Today I updated GearHead Caramel’s adventure system. This is the bit that allows temporary content to be added to a campaign and then removed later- the same kind of stuff as GearHead 1 and GearHead 2’s random plots.

GearHead Caramel inherited its plot system from Dungeon Monkey Eternal, and while DME has the ability to add and remove adventures to a campaign the method for doing so is awfully kludgy. I won’t go into the gory details here but suffice it to say you needed a dead pheasant and access to a graveyard at midnight.

In the refurbished adventure system, you can simply define an adventure object, and this will be inherited by all subplots. You can end the adventure or any individual subplot any time you like. Similarly, when you create a new scene you can define it as temporary. When the plot that created it ends, the scene is removed from the adventure (along with all of its children).

One problem right now is that if you end an adventure while the PC is still inside one of its temporary scenes, bad things happen. I’ve stuck a notice in the code that you should only end an adventure when the player character is leaving that area. I’m sure I’ll find all kinds of other problems, limitations, and unintended consequences as development continues.

Commissions Open for GearHead Caramel

In order to fund the hiring of some C++ programmers to write an open source PyGame extension for recoloring sprites, I’m opening social media avatar commissions. Want me to turn you into a zombie? Draw your OCs? Show what you’d look like as a post-apocalyptic hamster? Get in touch. And please, spread the word.

Fine Tuning the Portrait Generator

I’ve spent most of today fine tuning the portrait generator bits, moving the anchors around a pixel or two at a time, and I am now so burnt out on faces that I don’t even want to look in a mirror.

While researching how other artists draw cartoonish or caricatured faces, I found something that I hadn’t noticed before: many Japanese cartoonists draw the cheekbone really low. Instead of placing the sharp point of the cheek just under the eye, they’ll move it to under the nose or even beneath the mouth.

Left: Ataru Moroboshi from Urusei Yatsura by Rumiko Takahashi;
Right: Konata Izumi from Lucky Star by Kagami Yoshimizu.

I realize that this stylistic feature is probably old news to most people, but I am partially faceblind and this is a way to abstract faces that I never could have imagined. Sailor Moon creator Naoko Takeuchi does a lot of creative things with faces, and her use of this style is pretty interesting. For characters who are young or cute, she typically draws the cheekbone beneath the nose.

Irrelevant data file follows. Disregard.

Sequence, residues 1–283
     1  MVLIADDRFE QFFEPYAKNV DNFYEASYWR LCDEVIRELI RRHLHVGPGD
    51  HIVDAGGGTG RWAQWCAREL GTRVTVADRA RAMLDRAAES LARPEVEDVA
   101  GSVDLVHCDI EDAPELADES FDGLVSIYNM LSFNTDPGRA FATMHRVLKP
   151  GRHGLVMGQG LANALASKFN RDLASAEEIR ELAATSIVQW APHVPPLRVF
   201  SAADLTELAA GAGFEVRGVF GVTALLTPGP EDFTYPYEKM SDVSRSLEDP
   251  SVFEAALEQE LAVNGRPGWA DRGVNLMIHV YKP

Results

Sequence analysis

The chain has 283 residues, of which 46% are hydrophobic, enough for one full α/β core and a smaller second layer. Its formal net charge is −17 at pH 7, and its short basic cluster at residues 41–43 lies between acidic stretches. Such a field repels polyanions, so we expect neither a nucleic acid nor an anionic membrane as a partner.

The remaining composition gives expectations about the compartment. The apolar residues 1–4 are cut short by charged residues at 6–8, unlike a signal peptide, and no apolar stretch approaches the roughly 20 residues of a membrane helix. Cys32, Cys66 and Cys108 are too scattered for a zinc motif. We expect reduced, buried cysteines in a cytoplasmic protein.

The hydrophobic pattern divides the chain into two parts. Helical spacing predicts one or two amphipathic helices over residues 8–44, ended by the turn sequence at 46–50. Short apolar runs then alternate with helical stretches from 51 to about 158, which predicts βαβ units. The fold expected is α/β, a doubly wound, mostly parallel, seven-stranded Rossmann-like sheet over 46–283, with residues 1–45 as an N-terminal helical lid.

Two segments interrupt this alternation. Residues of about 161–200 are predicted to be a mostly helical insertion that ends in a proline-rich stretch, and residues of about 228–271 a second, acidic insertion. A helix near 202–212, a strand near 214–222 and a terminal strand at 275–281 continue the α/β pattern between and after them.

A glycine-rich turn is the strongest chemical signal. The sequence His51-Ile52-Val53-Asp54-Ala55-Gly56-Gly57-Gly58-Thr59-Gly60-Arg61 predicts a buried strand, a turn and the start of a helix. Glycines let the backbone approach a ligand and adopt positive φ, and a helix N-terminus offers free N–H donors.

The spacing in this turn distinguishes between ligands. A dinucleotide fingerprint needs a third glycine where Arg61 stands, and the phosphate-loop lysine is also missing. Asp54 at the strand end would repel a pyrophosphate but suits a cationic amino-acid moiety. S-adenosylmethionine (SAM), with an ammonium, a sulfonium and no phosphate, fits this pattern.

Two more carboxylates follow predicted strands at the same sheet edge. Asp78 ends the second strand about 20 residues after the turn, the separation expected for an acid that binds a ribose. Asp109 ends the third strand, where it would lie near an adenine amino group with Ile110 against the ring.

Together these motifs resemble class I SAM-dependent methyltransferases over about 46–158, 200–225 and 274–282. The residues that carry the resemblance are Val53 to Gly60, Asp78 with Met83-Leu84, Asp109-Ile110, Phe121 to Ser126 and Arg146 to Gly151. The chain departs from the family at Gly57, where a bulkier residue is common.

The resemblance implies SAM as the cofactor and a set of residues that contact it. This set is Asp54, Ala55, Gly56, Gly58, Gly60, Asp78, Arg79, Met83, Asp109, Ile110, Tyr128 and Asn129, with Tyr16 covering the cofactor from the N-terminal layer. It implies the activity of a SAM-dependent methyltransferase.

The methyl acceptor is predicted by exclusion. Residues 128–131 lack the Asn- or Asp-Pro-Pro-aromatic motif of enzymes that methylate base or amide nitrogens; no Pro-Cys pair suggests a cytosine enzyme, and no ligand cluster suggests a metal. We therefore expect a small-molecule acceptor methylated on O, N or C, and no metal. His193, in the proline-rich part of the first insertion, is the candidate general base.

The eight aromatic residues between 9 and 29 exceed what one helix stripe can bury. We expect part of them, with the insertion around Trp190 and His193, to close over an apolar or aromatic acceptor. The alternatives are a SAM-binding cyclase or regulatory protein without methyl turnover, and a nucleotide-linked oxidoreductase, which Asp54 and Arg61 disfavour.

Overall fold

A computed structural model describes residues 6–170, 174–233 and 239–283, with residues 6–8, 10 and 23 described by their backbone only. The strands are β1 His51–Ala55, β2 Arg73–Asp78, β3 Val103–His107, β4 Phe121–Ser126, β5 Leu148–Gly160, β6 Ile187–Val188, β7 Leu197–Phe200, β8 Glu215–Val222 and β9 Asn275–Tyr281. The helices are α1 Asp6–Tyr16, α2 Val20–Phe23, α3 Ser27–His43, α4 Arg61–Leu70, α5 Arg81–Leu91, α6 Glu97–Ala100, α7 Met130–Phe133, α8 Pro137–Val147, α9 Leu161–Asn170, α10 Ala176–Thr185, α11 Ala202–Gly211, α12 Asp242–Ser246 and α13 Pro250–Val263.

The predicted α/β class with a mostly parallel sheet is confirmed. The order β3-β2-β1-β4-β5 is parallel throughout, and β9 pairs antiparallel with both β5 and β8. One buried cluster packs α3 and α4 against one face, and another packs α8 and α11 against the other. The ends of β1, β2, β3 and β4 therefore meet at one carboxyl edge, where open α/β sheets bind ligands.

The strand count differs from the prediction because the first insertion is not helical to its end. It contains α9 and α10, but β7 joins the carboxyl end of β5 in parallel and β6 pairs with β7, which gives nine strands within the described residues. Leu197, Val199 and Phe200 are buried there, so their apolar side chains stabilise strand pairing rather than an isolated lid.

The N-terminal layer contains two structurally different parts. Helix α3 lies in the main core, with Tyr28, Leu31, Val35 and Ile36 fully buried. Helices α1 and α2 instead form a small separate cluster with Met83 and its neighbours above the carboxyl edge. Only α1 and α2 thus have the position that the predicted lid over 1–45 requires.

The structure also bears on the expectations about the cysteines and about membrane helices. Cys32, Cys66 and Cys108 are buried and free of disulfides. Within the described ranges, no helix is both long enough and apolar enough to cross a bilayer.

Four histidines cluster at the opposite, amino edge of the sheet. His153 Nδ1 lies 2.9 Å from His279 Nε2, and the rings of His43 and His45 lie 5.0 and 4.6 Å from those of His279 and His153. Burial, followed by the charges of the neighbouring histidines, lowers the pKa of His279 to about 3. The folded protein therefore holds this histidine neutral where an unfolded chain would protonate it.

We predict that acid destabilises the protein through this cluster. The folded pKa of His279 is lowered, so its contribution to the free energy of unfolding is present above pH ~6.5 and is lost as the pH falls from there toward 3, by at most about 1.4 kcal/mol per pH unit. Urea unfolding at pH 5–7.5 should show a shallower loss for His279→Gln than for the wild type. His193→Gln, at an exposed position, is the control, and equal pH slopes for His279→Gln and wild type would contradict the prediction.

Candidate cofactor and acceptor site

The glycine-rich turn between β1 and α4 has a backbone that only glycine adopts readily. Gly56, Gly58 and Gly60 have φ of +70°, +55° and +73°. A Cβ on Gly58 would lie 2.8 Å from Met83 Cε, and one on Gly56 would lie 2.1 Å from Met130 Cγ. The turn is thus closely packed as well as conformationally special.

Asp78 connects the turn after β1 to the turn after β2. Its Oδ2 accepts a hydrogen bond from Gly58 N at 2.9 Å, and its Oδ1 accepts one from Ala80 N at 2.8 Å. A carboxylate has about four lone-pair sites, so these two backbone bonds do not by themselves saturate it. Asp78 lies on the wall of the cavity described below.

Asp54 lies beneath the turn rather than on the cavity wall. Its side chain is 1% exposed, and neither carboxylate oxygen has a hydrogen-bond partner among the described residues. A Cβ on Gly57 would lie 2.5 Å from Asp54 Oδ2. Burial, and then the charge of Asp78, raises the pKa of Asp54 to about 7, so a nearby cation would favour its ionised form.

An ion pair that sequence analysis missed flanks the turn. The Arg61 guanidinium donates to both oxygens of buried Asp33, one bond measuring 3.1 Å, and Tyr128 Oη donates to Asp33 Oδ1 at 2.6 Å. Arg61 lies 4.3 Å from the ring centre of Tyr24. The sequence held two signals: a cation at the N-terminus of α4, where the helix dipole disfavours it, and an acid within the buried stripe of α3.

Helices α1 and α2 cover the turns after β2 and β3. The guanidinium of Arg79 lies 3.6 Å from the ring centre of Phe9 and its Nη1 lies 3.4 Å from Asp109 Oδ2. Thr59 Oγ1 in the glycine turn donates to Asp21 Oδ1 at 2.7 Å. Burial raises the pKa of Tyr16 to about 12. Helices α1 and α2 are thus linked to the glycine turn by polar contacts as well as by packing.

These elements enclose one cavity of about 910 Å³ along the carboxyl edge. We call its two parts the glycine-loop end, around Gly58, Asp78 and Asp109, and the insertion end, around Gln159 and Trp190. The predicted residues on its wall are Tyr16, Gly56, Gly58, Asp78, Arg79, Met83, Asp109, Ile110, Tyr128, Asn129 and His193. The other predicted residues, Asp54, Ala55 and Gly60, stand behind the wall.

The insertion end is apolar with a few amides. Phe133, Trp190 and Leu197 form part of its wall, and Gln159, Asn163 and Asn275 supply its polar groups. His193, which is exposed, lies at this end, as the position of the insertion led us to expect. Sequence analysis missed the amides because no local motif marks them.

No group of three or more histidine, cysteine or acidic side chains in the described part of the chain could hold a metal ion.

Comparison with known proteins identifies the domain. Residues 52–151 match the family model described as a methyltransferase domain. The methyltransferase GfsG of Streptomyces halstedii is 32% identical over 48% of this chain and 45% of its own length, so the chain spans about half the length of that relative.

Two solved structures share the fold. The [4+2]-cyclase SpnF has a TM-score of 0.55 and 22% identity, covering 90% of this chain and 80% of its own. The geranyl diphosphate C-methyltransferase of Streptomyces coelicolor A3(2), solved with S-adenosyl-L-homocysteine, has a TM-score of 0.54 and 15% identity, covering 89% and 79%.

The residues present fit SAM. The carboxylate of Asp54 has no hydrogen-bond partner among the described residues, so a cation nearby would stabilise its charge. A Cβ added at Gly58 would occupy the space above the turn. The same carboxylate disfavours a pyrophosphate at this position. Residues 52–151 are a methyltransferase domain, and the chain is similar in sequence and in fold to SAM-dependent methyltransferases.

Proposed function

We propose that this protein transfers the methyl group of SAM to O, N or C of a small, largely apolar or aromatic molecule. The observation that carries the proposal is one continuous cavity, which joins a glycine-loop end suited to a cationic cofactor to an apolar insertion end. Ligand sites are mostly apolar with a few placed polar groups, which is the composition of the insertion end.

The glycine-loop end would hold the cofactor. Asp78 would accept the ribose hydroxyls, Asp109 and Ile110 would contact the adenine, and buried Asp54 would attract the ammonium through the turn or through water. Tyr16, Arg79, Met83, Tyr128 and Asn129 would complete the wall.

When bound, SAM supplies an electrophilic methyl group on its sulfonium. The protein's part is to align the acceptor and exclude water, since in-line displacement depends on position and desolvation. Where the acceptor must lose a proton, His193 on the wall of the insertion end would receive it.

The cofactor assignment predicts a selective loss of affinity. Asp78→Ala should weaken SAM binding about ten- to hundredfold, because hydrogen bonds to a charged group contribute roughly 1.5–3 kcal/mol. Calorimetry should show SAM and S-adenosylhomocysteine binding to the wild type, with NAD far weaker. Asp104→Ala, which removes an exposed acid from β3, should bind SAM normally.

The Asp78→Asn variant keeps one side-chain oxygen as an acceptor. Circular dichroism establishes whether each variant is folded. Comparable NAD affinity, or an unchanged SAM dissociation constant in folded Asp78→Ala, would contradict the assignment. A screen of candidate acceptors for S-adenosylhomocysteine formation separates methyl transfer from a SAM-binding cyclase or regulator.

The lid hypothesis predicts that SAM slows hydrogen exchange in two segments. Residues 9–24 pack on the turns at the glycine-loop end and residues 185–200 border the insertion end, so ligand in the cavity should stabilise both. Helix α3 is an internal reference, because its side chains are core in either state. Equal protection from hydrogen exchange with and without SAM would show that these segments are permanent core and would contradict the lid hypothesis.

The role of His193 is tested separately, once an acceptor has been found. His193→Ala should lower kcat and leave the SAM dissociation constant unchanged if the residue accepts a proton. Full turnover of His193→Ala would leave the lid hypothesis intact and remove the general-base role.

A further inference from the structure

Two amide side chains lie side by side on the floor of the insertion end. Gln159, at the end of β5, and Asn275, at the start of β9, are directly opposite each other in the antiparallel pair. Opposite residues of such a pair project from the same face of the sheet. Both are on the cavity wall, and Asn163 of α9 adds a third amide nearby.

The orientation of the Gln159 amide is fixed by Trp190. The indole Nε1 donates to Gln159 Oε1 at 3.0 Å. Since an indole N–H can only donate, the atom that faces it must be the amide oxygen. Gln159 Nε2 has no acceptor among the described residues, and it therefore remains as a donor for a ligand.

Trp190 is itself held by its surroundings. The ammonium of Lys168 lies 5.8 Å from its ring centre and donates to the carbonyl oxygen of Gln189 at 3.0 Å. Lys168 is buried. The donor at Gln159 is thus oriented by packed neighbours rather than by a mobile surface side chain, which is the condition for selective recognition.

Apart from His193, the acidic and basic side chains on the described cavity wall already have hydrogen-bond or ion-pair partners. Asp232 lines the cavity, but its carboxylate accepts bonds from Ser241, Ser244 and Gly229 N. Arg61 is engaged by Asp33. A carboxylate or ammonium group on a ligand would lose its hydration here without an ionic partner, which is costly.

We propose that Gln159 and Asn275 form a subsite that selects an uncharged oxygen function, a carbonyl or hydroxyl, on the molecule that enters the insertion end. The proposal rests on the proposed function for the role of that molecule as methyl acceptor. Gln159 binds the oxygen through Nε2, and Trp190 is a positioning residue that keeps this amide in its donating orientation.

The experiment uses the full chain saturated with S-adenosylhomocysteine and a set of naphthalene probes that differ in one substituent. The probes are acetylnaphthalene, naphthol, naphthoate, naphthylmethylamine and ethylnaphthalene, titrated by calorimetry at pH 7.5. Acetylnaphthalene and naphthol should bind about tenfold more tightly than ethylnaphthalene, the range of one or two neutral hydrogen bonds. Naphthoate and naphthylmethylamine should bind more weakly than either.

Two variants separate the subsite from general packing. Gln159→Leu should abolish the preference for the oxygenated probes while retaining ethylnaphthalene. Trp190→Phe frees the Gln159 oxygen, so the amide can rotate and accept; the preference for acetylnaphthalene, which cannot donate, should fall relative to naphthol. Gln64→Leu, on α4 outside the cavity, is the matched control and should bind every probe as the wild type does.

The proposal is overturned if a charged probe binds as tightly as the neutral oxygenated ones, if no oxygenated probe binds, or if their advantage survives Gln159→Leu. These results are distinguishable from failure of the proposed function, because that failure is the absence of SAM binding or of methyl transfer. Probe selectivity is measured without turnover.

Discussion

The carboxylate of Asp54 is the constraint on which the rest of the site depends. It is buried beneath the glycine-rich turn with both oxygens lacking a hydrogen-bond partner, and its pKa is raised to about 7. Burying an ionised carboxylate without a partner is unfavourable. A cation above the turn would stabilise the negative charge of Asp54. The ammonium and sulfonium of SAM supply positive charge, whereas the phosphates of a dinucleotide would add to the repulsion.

But for characters who are older, more serious or statuesque, the cheekbone rises to the level of the nose or all the way up to a realistic position right under the eye. I suspect that the lowered cheekbone resembles chubby cheeks, making a face look younger, rounder, and cuter.

I found some nice evidence for this theory in the character designs from Mobile Suit Gundam.

Cartooning is complicated stuff, especially when it looks really simple.

New GearHead Caramel Character Creator

I’ve been working on a new character generator for GearHead Caramel. This one is completely widgetified, and can be accessed using the mouse or the keyboard. Take a look at the video to see everything it can do.

I’m hoping to make the first release of DeadZone Drifter, the GHC endless play campaign, before the end of my February vacation. We’ll see how it goes.

GH1v1.310: Thin Walls for All!

Mauna Cavern

I’ve just uploaded GearHead-1 v1.310. There are some bug fixes, some UI tweaks, and some new graphics. Also, I have updated the release-packing script so that it automatically sets the version number. How fancy is that?

You can get v1.310 from or GitHub. If you enjoy the game and can afford it, a small donation would be greatly appreciated. As mentioned in yesterday’s post I need some development funds for GearHead Caramel. Every little bit helps.

Happy New Year, and Happy New Year

Happy solar new year! Also, happy lunar new year! I’ve been out of it for a while.

Starting from December I’ve had sinusitis followed by pneumonia, which is not good, but the doctors assure me it is not going to kill me. In addition, for Christmas I was given the Kill Team rules and have subsequently fallen off the 40k wagon hard. So I didn’t get as much work done on GearHead as I would like. But, I do have a few things to report.

That’s about it for now.